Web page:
Recent Trip To Jacob’s Road Elementary School

February 16, 2024 · 2 minute read
Recent Trip To Jacob’s Road Elementary School

Last week, my colleague Elizabeth and I made a trip out to Jacob’s Rd. Elementary school to talk with the students about trees and tree health and to have a look and discuss concerns the students and teachers were having about their Sycamore tree. It was refreshing to hear how interested and knowledgeable the students are about why protecting trees is such a good idea. They have an awesome understanding of the many benefits trees provide for their community and were eager to discuss different ways in which to keep their own sycamore tree healthy and thriving. We met with three separate 2nd-grade classes, one 5th-grade class, and the school nature group that is comprised of many different students from all the classes.

The sycamore tree is approximately 10 to 15 years old and seems to be doing alright but there’s concern about the soil condition below the canopy and around the base of the tree. With the student’s help, we identified the biggest problem adversely impacting the growth and health of the tree.

Erosion has been an issue for a few years all around the tree which slopes towards a storm drain, washing away just about all loamy topsoil and leaving behind mostly hardpan soil. The compacted soil is also visited by hundreds of little feet running around for many hours just about every day. If these students are going to grow up with this tree, action is needed to give it the healthy soil it needs to spread its roots and grow strong.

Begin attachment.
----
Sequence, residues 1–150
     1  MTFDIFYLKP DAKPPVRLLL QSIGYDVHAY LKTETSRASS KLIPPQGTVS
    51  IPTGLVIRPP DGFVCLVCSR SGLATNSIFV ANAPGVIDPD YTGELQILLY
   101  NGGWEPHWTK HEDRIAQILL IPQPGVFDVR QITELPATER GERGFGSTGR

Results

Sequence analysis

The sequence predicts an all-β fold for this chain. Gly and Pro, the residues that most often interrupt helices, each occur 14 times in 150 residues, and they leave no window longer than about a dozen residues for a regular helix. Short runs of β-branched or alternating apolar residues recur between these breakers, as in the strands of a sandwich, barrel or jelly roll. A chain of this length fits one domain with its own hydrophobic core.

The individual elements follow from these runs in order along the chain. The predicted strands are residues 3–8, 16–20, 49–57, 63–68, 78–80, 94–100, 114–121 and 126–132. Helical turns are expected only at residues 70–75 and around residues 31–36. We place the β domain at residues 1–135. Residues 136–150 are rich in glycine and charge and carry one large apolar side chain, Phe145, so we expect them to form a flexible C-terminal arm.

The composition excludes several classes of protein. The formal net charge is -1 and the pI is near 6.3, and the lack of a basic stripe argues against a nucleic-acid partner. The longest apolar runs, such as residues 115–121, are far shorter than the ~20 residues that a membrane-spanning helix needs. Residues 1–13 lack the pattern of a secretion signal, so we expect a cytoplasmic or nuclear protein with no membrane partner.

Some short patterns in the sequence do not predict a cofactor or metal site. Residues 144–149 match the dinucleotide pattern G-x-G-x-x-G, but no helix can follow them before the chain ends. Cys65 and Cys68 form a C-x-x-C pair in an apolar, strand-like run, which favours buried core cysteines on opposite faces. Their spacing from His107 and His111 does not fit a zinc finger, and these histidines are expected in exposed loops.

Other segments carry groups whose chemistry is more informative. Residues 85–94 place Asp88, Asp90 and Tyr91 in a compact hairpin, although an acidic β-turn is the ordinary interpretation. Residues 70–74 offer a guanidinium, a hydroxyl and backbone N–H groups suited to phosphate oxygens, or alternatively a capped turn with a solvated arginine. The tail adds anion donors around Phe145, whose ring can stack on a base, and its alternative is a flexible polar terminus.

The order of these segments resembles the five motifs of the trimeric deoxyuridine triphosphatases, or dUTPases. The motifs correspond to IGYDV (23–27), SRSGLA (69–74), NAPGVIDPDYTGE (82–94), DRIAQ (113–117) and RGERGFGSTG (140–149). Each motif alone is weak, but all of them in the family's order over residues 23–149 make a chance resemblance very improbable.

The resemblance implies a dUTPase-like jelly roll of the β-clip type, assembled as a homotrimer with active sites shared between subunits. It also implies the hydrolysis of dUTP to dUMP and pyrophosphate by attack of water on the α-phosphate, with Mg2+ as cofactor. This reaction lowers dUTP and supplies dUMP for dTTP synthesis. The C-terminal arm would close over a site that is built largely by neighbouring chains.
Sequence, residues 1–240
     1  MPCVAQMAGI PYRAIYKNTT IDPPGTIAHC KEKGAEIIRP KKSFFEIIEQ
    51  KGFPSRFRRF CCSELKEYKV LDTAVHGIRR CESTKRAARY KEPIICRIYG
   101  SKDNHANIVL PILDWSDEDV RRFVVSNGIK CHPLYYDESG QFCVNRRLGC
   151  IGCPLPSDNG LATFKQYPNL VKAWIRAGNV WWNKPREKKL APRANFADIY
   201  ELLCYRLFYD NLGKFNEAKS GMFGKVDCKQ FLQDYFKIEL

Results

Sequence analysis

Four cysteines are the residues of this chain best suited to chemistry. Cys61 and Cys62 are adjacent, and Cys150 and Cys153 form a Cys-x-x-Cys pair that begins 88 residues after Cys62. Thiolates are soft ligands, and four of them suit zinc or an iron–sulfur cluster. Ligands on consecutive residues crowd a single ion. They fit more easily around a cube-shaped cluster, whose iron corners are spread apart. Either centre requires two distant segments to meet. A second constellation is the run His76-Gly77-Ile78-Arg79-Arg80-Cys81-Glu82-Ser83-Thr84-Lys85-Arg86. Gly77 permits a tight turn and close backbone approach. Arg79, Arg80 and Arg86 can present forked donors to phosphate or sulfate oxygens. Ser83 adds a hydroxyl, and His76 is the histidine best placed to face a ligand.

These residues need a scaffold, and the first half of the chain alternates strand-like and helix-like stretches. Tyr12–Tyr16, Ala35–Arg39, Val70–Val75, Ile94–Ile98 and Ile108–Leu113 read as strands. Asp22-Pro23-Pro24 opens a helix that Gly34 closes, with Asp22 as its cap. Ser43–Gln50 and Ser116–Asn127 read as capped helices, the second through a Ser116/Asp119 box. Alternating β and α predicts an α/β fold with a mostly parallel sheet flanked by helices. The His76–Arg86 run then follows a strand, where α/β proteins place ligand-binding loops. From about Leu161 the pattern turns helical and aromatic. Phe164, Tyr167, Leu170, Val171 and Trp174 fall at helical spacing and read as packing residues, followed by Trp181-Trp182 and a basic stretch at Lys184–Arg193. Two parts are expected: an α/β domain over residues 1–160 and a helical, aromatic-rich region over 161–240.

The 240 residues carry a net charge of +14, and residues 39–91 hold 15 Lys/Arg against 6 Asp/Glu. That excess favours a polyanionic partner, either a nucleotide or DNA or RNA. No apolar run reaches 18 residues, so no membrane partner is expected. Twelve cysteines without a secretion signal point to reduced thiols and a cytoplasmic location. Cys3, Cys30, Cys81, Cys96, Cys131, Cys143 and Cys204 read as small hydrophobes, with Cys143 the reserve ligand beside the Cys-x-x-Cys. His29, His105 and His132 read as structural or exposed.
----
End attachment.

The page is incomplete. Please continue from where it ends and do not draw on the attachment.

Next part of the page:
We need to stop losing soil. Nothing we can do to help the roots will matter if it all continues to wash away. So we’ve decided to take on this issue by first adding some landscaping timbers around the drip line of the tree to try and prevent the loss of more soil. We’ll then provide aeration with a compressed air tool to break up compacted, nutrient-starved soil within the root zone. Afterwards we’ll supplement the existing soil with a nutrient-rich mix of compost and topsoil. Lastly, we’ll add a layer of fresh wood chips to lock it all in place and help retain moisture.

Soil quality should be thought of as the first step to determining the vitality of a tree. Without a healthy underground environment, a tree will spend its time struggling for survival until it eventually gives in to stress and dies.

I’m really excited to watch the progress of the school’s tree. I’m hoping it’s something the students and faculty will be able to take pride in for many years.